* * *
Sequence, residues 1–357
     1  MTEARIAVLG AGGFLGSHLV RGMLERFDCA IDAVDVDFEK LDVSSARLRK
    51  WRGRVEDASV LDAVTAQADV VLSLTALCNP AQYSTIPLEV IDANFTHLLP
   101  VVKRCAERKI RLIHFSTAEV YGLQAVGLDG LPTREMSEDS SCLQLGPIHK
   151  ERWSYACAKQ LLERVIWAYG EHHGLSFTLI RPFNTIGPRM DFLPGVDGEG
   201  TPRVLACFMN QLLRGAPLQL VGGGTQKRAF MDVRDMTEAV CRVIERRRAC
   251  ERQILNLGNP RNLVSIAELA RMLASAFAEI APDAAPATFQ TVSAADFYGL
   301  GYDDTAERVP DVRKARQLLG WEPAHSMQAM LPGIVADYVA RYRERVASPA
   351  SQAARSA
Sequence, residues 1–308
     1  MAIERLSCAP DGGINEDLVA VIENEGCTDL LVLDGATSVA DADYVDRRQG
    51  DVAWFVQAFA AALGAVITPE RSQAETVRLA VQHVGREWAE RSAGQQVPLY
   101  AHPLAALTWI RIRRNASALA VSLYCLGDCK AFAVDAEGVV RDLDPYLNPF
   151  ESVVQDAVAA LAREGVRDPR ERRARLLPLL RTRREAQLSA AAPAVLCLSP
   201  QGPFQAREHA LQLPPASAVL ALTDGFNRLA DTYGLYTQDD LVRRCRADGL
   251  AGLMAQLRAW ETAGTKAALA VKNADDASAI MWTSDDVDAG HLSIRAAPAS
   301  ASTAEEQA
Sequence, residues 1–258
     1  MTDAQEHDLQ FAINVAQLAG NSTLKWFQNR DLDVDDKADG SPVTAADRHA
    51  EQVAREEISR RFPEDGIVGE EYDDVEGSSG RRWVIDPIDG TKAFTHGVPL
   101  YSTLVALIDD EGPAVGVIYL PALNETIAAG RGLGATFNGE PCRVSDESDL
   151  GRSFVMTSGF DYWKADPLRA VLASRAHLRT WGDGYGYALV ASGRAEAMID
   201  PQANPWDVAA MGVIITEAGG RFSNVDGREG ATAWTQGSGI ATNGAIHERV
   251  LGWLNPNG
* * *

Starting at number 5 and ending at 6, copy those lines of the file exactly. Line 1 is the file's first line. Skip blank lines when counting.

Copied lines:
   151  ERWSYACAKQ LLERVIWAYG EHHGLSFTLI RPFNTIGPRM DFLPGVDGEG
   201  TPRVLACFMN QLLRGAPLQL VGGGTQKRAF MDVRDMTEAV CRVIERRRAC